No matter what you think about Windows 11 as a whole, whether it’s about functionality, utility or even a reason to upgrade, there’s no denying that the OS looks gorgeous. It’s clear that Microsoft spent a lot of time and effort making sure that Windows 11 looks like a modern piece of software elegant enough to stand its own against the likes of MacOS and Android. Apart from refreshed iconography and the infamous rounded corners, the subtle nuances of the design material is what elevates the UI to next levels.
Fluent UI and Mica material
Windows 11 is built on the foundation of Fluent Design System. Fluent Design System serves as the framework for Fluent UI which Windows 11 uses in every corner of the OS. Fluent UI is what constitutes the overall look of Windows 11, everything from the entirely reworked applications to new transparency effects, it’s all Fluent UI. Speaking of which, there isn’t just one type of transparency effect in Windows 11. The OS cleverly uses transparency to show hierarchy between different elements and for that it relies on Mica material.
Mica material is a part of Fluent UI but it works differently than the Fluent transparency effect. Fluent’s default transparency effect is Acrylic. You see this in context menus, flyouts, and pop-outs throughout the OS. It creates a translucent effect similar to that of frosted glass. When on screen, Acrylic blurs the element and lets the background, whether that be the desktop wallpaper or an application window, shine through in a very subtle manner.
On the other hand, Mica is a less forgiving material that’s closer to opaque than transparent. It blurs elements of the app to only show the background, your wallpaper, but in a more muted style where you can barely make it out. Mica does not let anything except the wallpaper shine through. For example, the Settings app is basically just a big window made from Mica material so it reflects your wallpaper throughout. But, if you put the same window over any other app, it will simply ignore that and keep showing only the wallpaper as part of the transparency effect.
Mica is the prevalent design material in Windows 11. It’s present almost everywhere and apps like Settings are made up entirely of Mica. Whereas, some apps only have their title bars in Mica material. Acrylic, on the other hand can only be seen in pop-up menus and the like but since its more reactive than Mica, it actually consumes more resources and some low-powered PCs might have problems running it. Mica only samples your wallpaper so that runs without any hassle and doesn’t make your device slower.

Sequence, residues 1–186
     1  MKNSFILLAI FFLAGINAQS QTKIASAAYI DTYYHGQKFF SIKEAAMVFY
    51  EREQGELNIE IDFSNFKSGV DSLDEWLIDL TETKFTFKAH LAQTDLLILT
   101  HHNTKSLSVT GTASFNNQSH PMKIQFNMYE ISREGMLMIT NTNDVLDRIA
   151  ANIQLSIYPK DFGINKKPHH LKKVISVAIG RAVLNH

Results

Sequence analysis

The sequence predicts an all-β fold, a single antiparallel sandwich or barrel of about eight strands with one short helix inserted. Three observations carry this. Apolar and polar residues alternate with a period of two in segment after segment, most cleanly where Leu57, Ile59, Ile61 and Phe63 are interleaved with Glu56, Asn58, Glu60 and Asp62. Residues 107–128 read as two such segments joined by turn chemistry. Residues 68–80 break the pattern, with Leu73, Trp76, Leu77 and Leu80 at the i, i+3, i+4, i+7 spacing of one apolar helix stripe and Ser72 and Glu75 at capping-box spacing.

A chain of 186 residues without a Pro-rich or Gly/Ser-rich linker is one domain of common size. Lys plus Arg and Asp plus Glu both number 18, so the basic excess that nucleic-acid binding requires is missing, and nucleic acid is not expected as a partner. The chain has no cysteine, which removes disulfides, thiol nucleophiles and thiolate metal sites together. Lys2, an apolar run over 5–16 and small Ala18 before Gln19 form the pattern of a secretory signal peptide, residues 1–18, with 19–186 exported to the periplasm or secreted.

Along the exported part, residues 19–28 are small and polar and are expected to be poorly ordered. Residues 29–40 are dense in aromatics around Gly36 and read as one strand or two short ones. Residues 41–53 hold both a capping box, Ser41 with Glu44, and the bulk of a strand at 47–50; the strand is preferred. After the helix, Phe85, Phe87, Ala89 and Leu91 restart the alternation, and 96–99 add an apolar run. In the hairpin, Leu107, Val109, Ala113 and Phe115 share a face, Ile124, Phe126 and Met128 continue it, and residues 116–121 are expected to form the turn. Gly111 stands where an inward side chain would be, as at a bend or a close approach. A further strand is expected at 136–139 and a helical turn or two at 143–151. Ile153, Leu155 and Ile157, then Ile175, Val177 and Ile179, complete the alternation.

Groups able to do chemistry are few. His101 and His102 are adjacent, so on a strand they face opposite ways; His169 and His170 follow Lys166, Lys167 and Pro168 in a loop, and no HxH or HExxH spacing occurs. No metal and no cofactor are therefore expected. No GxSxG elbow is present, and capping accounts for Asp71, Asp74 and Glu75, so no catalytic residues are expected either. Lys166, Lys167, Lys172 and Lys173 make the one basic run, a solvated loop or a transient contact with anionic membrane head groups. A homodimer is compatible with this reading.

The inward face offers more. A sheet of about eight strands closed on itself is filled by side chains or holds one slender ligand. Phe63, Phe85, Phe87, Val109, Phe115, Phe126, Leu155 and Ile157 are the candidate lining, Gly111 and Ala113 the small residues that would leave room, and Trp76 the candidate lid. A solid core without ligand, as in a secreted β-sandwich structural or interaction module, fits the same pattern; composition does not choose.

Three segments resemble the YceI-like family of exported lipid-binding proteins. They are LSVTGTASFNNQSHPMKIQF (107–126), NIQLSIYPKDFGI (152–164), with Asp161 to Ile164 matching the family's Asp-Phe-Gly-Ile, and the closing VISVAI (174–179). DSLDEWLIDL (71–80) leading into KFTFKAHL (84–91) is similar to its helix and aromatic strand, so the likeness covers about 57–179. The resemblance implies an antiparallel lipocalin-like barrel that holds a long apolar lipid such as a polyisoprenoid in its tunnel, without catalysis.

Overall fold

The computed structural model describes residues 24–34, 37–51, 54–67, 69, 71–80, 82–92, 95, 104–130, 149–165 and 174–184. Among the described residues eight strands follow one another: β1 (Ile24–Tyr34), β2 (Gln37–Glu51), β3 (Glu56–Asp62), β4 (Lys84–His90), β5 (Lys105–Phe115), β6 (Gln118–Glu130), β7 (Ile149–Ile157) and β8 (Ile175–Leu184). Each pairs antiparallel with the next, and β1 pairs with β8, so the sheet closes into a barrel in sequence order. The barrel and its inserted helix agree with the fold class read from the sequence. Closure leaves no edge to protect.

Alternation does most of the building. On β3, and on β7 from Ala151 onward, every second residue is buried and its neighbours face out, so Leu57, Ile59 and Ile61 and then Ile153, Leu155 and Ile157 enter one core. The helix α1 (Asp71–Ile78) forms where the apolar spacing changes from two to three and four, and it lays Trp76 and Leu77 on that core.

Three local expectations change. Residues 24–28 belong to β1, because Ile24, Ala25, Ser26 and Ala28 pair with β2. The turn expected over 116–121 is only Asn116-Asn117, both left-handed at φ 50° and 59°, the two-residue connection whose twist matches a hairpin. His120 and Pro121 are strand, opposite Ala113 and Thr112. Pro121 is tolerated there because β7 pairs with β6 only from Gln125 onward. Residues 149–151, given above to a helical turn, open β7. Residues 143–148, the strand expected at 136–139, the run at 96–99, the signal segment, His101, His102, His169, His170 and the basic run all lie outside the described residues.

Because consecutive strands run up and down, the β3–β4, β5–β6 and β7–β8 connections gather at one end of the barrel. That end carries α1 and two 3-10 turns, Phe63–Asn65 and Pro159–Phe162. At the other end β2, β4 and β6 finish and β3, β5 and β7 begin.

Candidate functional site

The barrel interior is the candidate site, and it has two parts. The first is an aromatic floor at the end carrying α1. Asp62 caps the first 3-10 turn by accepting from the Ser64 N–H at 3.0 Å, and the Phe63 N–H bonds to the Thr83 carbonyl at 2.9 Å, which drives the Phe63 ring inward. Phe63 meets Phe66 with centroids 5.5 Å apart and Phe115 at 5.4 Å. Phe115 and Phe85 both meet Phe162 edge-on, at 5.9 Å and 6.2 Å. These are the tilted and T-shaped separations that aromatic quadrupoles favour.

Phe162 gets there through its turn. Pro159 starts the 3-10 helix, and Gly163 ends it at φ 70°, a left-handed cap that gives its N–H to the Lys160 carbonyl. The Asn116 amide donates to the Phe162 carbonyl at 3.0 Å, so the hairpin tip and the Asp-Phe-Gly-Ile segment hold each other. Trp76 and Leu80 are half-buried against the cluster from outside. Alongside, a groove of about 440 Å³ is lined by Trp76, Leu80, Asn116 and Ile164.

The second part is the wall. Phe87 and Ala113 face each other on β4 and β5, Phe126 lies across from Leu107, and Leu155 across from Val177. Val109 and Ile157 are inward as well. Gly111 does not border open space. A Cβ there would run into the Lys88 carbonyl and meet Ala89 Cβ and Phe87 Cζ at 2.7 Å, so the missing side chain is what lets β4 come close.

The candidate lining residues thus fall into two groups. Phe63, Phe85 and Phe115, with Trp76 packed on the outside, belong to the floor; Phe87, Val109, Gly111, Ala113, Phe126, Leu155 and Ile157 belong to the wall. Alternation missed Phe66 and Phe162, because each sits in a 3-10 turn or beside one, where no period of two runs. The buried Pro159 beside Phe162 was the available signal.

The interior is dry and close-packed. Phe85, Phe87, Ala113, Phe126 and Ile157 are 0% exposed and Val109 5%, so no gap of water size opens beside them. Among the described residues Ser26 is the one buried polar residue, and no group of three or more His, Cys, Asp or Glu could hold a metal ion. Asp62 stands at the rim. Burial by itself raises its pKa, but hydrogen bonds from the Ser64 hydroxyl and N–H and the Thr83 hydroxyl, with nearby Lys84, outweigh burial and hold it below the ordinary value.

Microsoft loves Mica
Most apps in Windows 11 don’t use a transparency effect for the whole window like Settings. They instead only use Mica in the title bar to create a sense of visual hierarchy. Many apps that’ve already seen Windows 11 updates, such as PowerToys, Photos, and Paint, have gotten a new Mica material title bar but it seems that Microsoft is insistent on making it even more prevalent throughout the OS.
The next major Windows 11 update is said to bring Mica material to a lot more applications both in form of title bars and full on Mica-materialized background similar to the Settings app. We know this because many apps are already starting to pop up with Mica title bars in preview builds of Windows 11. You can see below the Feedback Hub and Tips app have now been latently updated with Mica title bars in some early Dev Channel builds. Even in the latest Beta Channel build, both of these apps are still rocking the normal title bar with no transparency effect whatsoever.
Latest Beta Channel build:
Apart from these native Windows 11 apps, Microsoft Office is also getting the Mica treatment in latest updates. The Fluent UI redesign for Office apps, including Word, Excel, PowerPoint, and Outlook, was announced earlier this year but Mica material was never outlined to be a part of the update. The apps would see a UI refresh which would bring it up to speed and on par with Windows 11’s design language. Most notably, we’d see new toolbars, ribbons and icons along with clearer spacing inside these apps, but not Mica.
However, Office users in the Production Channel received an update yesterday which surprisingly included a lot of Mica material. As you can see above, inside Word, the entirety of the background has been replaced with Mica material that lets the wallpaper shine through, along with the usual Fluent UI tricks. Not only does this new appearance look beautiful, but it also serves a functional purpose a creating a distinction between different layers of the OS. And, the best part? It comes at no extra performance cost whatsoever.